Mushroom Incident

The clearest sign that something is wrong with a dog is when they don’t eat. Particularly when they never miss a meal (Siberians can be picky eaters, though I have yet to have one that did not devour every meal).

Nikita was not hungry for dinner and did not touch her food. Strange. But, ok, I have read about this. I will watch her carefully.

Breakfast – No interest. Now I am concerned. Call the vet. Go in for bloodtests. The vet offers increasing levels of food until we get to basically beef. Nikita eats a bite. Ok, will get her eating with this, but no meds until we know what is going on. Can board her or watch her carefully at home. I choose home because I was only 10 minutes away from the vet and then would know personally what was going on.

I get her to eat bites of the beef all day, but never more than a couple.

Next morning, more energy, can eat more. Vet calls. The blood tests are showing some weird signs and he wants to do a much broader test. No need to come in because he had taken enough blood in the first round, but since this had to go off to a lab, he wanted my permission for the extra cost. Knowing I would say yes, he had already shipped to the lab the night before, but just wanted to touch base. Of course.

Nikita is slowly coming around more and more and eats almost one full meal (as opposed to a normal two) by the end of the day.

Next morning, much better, eats half of her breakfast. Vet calls. Asks if I have mushrooms in the yard. Well, yes I do. I may not be the best at lawn maintenance. The bloodtest results show that Nikita has a hallucinogenic in her system that is commonlyly caused by ingesting mushrooms. Yes, my dog was shrooming in the back yard.

Hi. I am Nikita. I am a mushroom-a-holic.

Remove all mushrooms from the yard. Add searching for mushrooms to the list as I scan the yard daily for escape plans.


  1. Debbie and Ruby on March 17, 2021 at 8:03 am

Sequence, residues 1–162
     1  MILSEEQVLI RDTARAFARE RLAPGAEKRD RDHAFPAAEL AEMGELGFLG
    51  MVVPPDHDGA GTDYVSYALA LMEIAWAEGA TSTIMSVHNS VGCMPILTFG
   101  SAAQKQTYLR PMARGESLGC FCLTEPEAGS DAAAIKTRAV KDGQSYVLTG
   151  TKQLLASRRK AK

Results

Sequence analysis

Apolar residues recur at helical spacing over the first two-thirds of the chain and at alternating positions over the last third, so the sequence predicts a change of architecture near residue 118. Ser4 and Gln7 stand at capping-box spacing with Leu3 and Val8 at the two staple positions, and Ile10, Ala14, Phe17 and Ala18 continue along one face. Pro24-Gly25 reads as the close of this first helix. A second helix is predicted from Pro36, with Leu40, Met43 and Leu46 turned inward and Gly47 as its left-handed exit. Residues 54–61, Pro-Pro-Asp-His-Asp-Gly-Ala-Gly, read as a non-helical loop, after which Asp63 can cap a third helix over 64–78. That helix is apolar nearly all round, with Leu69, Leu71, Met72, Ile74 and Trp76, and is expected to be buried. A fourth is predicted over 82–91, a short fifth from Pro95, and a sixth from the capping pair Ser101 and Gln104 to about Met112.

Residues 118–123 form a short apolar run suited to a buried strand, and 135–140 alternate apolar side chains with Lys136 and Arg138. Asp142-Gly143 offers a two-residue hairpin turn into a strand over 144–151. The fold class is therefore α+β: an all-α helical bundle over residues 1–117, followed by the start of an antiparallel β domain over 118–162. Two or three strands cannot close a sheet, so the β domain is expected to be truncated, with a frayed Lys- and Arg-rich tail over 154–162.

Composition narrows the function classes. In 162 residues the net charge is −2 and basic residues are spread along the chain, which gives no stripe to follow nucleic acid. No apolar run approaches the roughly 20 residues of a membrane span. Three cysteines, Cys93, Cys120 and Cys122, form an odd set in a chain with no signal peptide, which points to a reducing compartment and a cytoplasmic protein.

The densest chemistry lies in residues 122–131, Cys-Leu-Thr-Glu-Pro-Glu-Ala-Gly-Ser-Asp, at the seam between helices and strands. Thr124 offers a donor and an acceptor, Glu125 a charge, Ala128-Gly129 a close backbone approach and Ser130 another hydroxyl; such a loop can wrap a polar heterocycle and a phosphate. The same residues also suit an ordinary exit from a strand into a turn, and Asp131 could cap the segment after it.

Mine have eaten anything from snakes to dead porcupines, but never mushrooms. Something else to watch for. Thanks for this great heads up.

  2. Jean B Burkhardt on March 17, 2021 at 7:02 am

    Wow-Hu-Dad-I got the chills reading this memory about Nikita. I have never seen mushrooms in our yard so I am lucky. Having a sick dog is one of the things we ALL think is the pitts. LOVE these Way Back Wednesdays!!

  3. KB on July 29, 2010 at 4:56 pm

    My dog K would like to join Nikita’s support group. She is not only a mushroom-o-holic but she taught her brother about the wonders of shrooming. Fortunately, they are very selective about which mushroom species they eat when we’re in our home forest – and they choose very benign boletes. However, K once dabbled in more exotic species while we were traveling and almost died. I am not exaggerating – she came within an inch of dying at age 2 from mushroom poisoning. It was very scary for us but didn’t seem to impact *her* attitude toward mushrooms even the slightest bit. That’s why she needs to join the support group! Will you let her join, Nikita?

  4. Carolynn on April 3, 2010 at 3:27 am

    OMG! At least we had to head to the mountains for Ranger to get stoned! I cant imagine having them in our back yard! God forbid we did and our teenagers ever found out…ahhhhhgh I cant even imagine it.

  5. Wild Dingo on January 23, 2010 at 3:55 am

    Sigh. I am not surprised. Sibes are criminals. and doing shrooms is right up their alley. and what did you DO with the mushrooms once you scan them and take them out of the yard? 😉

    wild dingo

Leave a Comment

Read Another Story

← Back One Story ◊ OR ◊ Forward One Story →

Hu-Dad's Novels

His books pay for our food!